1. Monday, Feb. 20, 2017: 2-3:30 PM PST (5-6:30 PM EST, 4-5:30 PM CST): We welcome back ERIC LERNER of Focus Fusion and LPP Fusion for updates.
2. Tuesday, Feb. 21, 2017: 7-8:30 PM PST, 10-11:30 PM EST, 9-10:30 PM CST: FRANK WHITE and NICK NIELSEN of The Overview Effect join us for a special presentation
3. Friday, Feb. 24 2016: 9:30-11AM PST; (12:30-2 PM EST; 11:30 AM – 1 PM CST) We welcome back JAY WITNER & RON JONES of The Integrated Space Plan for new updates and information.
4. Sunday, Feb. 26,, 2017: 12-1:30 PM PST (3-4:30 PM EST, 2-3:30 5PM CST): DR. PAUL SPUDIS returns to the show for a must hear program. Lots has been happening with talk about returning to the Moon. Don’t miss this discussion.
The Export-Import Bank is on a White House Budget Office list of programs that would be cut, The New York Timesreports.
One surprise for some close watchers of Mr. Trump’s presidential campaign is the inclusion of the Export-Import Bank on the O.M.B.’s list. Other Republican candidates had promised to eliminate the bank, a favorite target of House conservatives like Mr. Mulvaney. Conservatives, led by the billionaire Koch brothers, have run a multimillion-dollar campaign to kill the bank, which guarantees loans for overseas customers of American corporations, by denouncing it as “crony capitalism.” (more…)
WASHINGTON (NASA PR) — NASA has selected 34 small satellites from 19 states and the District of Columbia to fly as auxiliary payloads aboard missions planned to launch in 2018, 2019 and 2020. Launch opportunities are leveraged from existing launch services for government payloads as well as via dedicated CubeSat launches from the new Venture Class Launch Services contracts. The proposed CubeSats come from educational institutions, universities, non-profit organizations and NASA centers.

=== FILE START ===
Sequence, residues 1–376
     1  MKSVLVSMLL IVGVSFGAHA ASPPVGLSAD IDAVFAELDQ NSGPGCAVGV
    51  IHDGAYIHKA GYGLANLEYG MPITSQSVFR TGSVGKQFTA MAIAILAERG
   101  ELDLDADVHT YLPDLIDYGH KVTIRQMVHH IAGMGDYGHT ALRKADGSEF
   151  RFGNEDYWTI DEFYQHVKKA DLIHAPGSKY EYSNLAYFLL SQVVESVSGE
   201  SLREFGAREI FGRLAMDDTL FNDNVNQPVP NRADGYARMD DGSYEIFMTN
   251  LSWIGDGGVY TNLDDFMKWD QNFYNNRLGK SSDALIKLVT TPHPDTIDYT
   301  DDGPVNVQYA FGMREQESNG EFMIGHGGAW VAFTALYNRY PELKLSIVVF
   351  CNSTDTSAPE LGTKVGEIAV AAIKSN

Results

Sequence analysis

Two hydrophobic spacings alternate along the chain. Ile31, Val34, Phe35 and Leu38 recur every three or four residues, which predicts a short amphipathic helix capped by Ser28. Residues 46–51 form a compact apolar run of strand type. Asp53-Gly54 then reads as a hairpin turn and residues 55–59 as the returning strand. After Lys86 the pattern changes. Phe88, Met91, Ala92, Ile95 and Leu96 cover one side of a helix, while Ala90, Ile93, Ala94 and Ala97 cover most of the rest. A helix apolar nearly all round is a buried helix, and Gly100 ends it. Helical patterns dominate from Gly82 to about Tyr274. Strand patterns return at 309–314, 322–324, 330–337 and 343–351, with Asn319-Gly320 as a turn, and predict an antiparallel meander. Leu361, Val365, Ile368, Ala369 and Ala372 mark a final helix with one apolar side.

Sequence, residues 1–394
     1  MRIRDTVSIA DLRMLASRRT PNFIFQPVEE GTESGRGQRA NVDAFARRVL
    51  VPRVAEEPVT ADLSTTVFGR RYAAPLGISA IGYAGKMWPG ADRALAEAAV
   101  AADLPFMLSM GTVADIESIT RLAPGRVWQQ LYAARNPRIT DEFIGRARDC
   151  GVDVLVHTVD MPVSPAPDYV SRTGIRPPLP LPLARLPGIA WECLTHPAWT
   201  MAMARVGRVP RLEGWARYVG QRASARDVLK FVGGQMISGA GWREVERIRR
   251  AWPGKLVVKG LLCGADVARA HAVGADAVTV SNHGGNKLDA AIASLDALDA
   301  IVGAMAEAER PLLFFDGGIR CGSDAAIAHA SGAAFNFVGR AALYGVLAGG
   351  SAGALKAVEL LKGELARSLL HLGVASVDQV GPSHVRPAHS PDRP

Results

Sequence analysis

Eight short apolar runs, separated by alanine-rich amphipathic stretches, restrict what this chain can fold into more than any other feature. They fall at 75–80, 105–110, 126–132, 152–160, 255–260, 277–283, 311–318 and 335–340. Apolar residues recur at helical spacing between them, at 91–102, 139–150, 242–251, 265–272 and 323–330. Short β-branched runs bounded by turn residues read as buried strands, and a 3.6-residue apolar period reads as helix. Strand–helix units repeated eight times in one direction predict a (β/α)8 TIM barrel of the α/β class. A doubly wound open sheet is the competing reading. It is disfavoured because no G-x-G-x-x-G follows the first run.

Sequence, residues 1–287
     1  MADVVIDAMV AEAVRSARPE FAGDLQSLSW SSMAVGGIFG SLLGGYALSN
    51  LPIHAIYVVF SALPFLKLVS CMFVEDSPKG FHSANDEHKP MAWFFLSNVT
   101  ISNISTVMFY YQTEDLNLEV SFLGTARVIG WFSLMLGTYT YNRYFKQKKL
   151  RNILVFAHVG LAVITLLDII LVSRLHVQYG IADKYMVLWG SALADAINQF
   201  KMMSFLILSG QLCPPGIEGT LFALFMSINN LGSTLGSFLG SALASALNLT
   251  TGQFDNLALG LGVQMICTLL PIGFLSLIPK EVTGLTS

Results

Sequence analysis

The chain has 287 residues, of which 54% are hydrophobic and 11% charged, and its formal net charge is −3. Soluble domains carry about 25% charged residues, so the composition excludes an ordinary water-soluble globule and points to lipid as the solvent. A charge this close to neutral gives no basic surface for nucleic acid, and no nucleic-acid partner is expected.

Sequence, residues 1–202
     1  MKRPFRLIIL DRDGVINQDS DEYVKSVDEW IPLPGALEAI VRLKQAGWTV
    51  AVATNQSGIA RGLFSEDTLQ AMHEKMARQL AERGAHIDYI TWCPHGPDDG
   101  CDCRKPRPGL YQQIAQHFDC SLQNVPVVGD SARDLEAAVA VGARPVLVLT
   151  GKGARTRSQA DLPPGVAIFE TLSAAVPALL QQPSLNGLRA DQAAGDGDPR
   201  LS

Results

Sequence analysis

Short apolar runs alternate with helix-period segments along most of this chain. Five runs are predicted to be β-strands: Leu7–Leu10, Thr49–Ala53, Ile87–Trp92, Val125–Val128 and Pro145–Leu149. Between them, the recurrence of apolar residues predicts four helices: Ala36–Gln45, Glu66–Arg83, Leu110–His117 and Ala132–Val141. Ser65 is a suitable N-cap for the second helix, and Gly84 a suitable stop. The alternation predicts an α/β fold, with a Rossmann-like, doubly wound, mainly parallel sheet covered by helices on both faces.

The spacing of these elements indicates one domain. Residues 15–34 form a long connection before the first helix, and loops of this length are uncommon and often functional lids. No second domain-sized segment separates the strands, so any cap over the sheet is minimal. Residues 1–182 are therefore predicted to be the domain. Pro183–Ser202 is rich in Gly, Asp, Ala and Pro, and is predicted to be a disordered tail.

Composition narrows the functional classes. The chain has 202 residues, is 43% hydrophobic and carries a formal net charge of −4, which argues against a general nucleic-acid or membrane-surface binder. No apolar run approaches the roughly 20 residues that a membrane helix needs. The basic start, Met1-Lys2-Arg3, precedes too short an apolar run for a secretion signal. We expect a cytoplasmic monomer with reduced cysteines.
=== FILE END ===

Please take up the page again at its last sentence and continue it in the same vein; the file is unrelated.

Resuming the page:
HOUSTON (NASA PR) — The tenth SpaceX cargo resupply launch to the International Space Station will deliver investigations that study human health, Earth science and weather patterns. Here are some highlights of the research headed to the orbiting laboratory:
Crystal growth investigation could improve drug delivery, manufacturing
Monoclonal antibodies are important for fighting off a wide range of human diseases, including cancers. These antibodies work with the natural immune system to bind to certain molecules to detect, purify and block their growth. The Microgravity Growth of Crystalline Monoclonal Antibodies for Pharmaceutical Applications (CASIS PCG 5) investigation will crystallize a human monoclonal antibody, developed by Merck Research Labs, that is currently undergoing clinical trials for the treatment of immunological disease.
SpaceX’s Falcon 9 rocket roared off NASA’s historic Pad 39A on Sunday morning, marking a rebirth of a complex that once hosted the launches of Apollo moon ships and space shuttles.
The booster lifted off on time at 9:39 a.m. EST carrying a Dragon resupply ship bound for the International Space Station. The Dragon separated from second stage as planned and unfurled its two solar arrays. It will take two days to catch up to the space station.
The Falcon 9’s first stage landed safely at the Cape Canaveral Air Force Station. On board video showed the rocket’s engine firing as the stage touched down on its concrete landing pad.